D: The first song “The Starting Line” had me doubled over. The title is both a reference to the Cake song “Going the Distance” and the fact that this entire song is made of opening lines from other songs. There are sixteen opening lines to sixteen songs.

W: Many of these songs are callbacks to past albums like “All Star” and “Bullet With Butterfly Wings” but many are new, and it’s just this massive wall of nostalgic pop. And still, you can actually enjoy this one without feeling pain. It’s funny without putting you off.

D: But what does put you off is the third track, which I lost my mind listening to the first time, it’s called “AC/VC.” It begins with the familiar piano riff of Vanessa Carlton’s “1000 Miles,” and then suddenly, you hear Brian Johnson’s beagle yawp from AC/DC’s “Back in Black” and it does not work, and it is so funny.

W: He brings The Beatles back in this one with “Dear Dinosaur,” which is “Walk the Dinosaur” and “Dear Prudence” with an introduction sample from the film “Super Mario Bros,” because of course.

D: What makes this work is that all of these are connections that no one else would ever think to do.

W: I think the best example of that is “T.I.M.E.” which is “Time,” the closing track to Inception and the isolated vocals from “Y.M.C.A” and it sounds like a funeral dirge. And it ends with the whistle from “All Star!”

D: Of course. After I’m surprisingly moved by the banal lyrics of “Y.M.C.A.” he has to come in with that whistle. So that’s the perfect execution of Neil’s quest to take two wildly different things and make something amazing out of them.

W: And he perfects breaking down songs too. Twice, actually, there’s another version of “Wonderwall” here called “Wallspin” which is the song set to the melody of “Right Round,” and that one is really fun, but you also have “Bustin’.”

D: Yeah, which takes Ray Parker Jr.’s “Ghostbusters” theme and makes it…sort of about semen.

W: And it ends with a quick Gorrilaz shout out, too.

D: The music video, which he made when he first released this song two years ago, it needs to be seen. It’s amazing. And there’s also the perfect version of the thematic mashup with “Annoyed Grunt,” which takes its name from all the weird vocal sounds and interjections, and lyric-less melodies that make up the song, most specifically Tim Allen’s grunts in the show “Home Improvement,” but there’s Homer Simpson in there, there’s the famous screaming from “Down With the Sickness.”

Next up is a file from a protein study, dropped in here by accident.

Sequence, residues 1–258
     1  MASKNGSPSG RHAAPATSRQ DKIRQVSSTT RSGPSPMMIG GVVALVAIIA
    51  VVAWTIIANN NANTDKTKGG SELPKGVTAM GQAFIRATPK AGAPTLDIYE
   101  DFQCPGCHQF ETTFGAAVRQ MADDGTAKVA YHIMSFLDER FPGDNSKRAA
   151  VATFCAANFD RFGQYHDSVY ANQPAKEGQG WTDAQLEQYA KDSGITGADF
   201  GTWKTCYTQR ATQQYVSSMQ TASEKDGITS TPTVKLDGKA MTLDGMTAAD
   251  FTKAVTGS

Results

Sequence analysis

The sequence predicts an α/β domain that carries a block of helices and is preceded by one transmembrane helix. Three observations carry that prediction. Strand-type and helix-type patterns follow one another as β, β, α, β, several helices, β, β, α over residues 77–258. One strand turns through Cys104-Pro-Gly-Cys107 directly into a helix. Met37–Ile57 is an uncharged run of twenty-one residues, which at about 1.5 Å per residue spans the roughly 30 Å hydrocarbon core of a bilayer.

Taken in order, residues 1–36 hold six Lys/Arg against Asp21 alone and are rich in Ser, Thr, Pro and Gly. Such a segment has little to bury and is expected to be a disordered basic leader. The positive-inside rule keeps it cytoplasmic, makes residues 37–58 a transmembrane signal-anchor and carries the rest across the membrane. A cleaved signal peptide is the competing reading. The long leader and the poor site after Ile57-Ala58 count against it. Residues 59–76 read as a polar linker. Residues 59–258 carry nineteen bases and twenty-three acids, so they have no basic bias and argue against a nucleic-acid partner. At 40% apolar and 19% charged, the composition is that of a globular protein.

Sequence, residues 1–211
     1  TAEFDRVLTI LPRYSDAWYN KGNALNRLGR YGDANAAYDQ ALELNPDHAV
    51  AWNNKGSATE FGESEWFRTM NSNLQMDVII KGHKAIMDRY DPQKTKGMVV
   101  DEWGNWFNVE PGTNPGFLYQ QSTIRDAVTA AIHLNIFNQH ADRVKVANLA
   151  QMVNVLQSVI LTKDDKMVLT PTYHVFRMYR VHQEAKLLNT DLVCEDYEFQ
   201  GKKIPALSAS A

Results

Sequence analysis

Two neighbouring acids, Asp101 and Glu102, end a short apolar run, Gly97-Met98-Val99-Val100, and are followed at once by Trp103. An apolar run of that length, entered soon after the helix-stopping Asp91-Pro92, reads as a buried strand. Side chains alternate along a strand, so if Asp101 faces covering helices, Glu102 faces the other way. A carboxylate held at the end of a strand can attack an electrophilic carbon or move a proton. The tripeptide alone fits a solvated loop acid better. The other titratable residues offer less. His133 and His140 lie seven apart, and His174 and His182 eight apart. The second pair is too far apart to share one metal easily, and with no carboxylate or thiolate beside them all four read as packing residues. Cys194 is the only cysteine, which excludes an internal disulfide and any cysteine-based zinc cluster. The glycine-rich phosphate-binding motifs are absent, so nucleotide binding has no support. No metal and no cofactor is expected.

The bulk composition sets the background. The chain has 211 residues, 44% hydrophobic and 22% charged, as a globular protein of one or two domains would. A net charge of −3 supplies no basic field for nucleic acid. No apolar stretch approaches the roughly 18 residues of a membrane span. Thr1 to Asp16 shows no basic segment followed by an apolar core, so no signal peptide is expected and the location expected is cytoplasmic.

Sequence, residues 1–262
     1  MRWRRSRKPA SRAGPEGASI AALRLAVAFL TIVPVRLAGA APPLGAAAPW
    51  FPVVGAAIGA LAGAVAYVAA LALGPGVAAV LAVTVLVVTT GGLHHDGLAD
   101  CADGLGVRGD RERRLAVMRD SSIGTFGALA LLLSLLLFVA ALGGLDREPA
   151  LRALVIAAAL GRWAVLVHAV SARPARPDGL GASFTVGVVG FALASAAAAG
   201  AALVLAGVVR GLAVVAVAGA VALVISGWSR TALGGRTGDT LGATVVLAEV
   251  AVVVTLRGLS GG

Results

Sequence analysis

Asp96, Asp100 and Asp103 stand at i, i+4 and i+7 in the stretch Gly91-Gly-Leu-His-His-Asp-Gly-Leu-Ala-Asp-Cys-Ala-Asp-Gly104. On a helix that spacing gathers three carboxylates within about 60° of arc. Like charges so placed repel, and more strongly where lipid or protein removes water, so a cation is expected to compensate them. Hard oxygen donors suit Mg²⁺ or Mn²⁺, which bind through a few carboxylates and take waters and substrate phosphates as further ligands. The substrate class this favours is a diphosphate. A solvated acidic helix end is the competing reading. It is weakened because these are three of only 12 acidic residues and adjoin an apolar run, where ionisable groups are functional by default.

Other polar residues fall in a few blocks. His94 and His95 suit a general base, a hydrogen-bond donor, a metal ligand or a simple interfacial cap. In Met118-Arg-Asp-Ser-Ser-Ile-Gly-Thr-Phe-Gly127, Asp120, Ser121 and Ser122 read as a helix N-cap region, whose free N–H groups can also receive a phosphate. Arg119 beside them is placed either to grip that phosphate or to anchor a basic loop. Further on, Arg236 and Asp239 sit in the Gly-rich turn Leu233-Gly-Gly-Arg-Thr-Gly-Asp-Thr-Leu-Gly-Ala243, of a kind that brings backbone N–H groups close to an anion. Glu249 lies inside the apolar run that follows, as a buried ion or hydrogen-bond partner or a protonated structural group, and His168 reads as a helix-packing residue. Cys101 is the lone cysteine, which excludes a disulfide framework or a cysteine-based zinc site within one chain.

W:  Yeah, he brings that one out multiple times; here he mashes it with Anne Lennox’s “No More I Love Yous,” which works very well.

D: Also a sample platter, the final track, “Shit.”

W: Which is a response to the final track of Mouth Silence, “Piss,” of course. It starts with “Kiss From A Rose,” which never referenced again for the rest of the song.

D: Later it takes the lyrics of Limp Bizkit’s “My Way” and twists them to be about pooping. “Wannabe,” “Hollaback Girl,” there’s just so much going on here. That being said, I don’t know if this album is as well sequenced or cohesive as what came before.

W: It isn’t, but I will say that the last third of this album just keeps getting better and better, it’s great track before a better track, before a better, track, all culminating with “Shit.” I’d like to give special attention to the song “Wow Wow,” which is a remix to Will Smith’s “Men in Black” theme. It starts with All Star and then it goes quickly into Steve Miller Band’s “The Joker,” mixed in with Will Smith’s “Wild Wild West,” and it’s legitimately enjoyable. It’s one of the least painful tracks on the album.

Will’s Favorite: “300 MB.”

Will’s Least Favorite: “Stand By Meme.”

Dan’s Favorite: “The Starting Line.”

Dan’s Least Favorite: “The End.”


D: I am a different person because these albums are in my life, and I am grateful for that. They’ve helped change and define my sense of humor, particularly musically, and I’m glad we have content creators like Neil Cicierega in the world.

W: I won’t say I’m fundamentally changed, but I will say he’s tapped into a style of joke telling and humor that I’ve never seen anywhere else and he’s perfected his own brand of it. I also think his ability to do divine sacrilege and elevate these otherwise cast aside songs from another era in a new way is very interesting to look out, and I’m curious to see if he continues this.

D: I hope he does.

W: I’m always terrified of where it will go next.